Saudi Arabia backs the rebels fighting to overthrow Assad in a war that has killed some 100,000 people since early 2011. The Saudis and other Sunni Arab governments are eager to counter their regional rival Iran, which has strongly thrown its weight behind Assad.
Assad’s allies Russia and China have blocked three strongly worded Security Council resolutions aimed at ending the conflict. Still, in a rare consensus, the council passed a resolution backed by the U.S. and Russia to destroy Syria’s chemical weapons arsenal after an Aug. 21 chemical attack.
Russia said it was “surprised” and “baffled by the reasons that the kingdom gave to explain its position” — particularly after the chemical weapons resolution.
U.S. State Department spokeswoman Jen Psaki said that the U.S. does not expect to always agree with its allies, and added that “we have a range of issues we work with Saudi Arabia on. That will continue.”
U.S. Secretary of State John Kerry met the Saudi ambassador on Wednesday and is scheduled to meet the foreign minister next week. The Saudis will be attending upcoming meetings on Syria where they have been “an important partner,” Psaki said.
Saudi Arabia showed its displeasure last month when its foreign minister, Saud al-Faisal, declined to address the General Assembly meeting. Days later, the kingdom’s unease with Washington appeared to manifest when President Barack Obama spoke to Iran’s new President Hassan Rouhani in a groundbreaking telephone call.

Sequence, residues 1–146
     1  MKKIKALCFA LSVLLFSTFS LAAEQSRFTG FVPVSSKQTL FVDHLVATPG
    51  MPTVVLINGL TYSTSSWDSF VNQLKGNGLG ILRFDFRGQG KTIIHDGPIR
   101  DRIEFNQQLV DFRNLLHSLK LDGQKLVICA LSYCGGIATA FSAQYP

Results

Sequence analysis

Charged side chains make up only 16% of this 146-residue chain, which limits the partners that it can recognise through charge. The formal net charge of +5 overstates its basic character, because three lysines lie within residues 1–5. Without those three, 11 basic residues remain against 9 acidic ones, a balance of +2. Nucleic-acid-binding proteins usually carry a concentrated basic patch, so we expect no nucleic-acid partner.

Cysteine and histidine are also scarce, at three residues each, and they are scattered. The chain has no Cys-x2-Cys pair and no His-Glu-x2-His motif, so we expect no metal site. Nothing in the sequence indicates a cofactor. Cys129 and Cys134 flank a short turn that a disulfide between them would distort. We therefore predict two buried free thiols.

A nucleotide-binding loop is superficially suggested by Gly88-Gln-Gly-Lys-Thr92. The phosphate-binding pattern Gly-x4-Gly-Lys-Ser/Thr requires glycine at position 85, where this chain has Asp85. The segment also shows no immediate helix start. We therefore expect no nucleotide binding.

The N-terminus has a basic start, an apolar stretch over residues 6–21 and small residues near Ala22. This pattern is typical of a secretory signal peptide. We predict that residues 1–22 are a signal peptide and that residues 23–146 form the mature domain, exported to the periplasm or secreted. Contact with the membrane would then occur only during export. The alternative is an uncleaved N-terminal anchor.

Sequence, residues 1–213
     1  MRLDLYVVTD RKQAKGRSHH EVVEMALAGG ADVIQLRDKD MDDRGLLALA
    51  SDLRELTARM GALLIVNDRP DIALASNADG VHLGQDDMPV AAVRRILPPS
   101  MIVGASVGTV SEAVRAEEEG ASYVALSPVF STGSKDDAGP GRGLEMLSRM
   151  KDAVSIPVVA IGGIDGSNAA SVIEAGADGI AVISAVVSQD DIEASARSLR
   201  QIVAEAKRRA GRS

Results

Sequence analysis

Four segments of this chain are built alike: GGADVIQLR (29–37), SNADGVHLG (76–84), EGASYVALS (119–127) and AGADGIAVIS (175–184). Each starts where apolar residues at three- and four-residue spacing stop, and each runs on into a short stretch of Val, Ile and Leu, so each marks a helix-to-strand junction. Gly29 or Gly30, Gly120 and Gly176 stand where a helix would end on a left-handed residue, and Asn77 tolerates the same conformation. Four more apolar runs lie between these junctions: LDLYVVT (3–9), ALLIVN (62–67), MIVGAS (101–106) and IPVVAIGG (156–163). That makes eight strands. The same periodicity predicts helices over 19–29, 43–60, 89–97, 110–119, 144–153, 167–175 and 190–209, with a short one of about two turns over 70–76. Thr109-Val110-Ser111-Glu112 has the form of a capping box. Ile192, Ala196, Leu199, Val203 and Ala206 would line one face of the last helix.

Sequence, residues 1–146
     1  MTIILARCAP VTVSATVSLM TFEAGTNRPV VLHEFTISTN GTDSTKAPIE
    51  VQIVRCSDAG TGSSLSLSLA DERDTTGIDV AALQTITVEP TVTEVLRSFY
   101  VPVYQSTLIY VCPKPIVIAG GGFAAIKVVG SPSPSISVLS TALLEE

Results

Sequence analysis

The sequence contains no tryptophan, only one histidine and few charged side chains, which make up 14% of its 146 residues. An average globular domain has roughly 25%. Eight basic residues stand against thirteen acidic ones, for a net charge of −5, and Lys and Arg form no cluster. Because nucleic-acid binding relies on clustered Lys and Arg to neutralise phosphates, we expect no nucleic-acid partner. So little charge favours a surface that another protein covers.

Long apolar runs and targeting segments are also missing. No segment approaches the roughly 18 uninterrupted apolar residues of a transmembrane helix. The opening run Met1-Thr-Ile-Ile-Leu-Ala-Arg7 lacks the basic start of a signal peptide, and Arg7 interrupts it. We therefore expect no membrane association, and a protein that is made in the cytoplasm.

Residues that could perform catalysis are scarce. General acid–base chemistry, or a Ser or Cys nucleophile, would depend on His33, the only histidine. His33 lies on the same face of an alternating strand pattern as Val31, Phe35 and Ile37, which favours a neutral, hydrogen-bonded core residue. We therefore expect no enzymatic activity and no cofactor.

“It is hard not to think that Riyadh’s decision reflects an overall cooling of the U.S.-Saudi relationship,” said Boston University professor Charles Dunbar, a diplomat for four decades including posts in Afghanistan, Qatar and Yemen. “Syria and Iran would seem to be the two most prominent reasons for the downturn in relations.”
Saudi Arabia is a founding member of the United Nations — joining on Oct. 24, 1945, the day the U.N. Charter was unanimously adopted in San Francisco. It kept a low profile for decades but in recent years has become much more active at the U.N., seeking and winning seats on the Human Rights Council and other bodies.
U.N. spokesman Martin Nesirky, asked whether the Saudi rejection of the seat was unprecedented, said: “As far as we are aware, there isn’t another case like it.”
Secretary-General Ban Ki-moon told reporters he had not received any official notification about the Saudi rejection, and said member states are holding discussions on how to deal with the Saudi move. There was speculation about whether they might recant, but several diplomats said they doubt it after such a dramatic announcement.
“We think that Saudi Arabia would have brought a very positive contribution to the Security Council but we also understand the frustration of Saudi Arabia,” French U.N. Ambassador Gerard Araud said.
The Saudis were selected by the Asia group for an Arab seat on the council. If they do officially give up the seat, the group would then need to select a new candidate — or candidates — for approval by the 193-member General Assembly.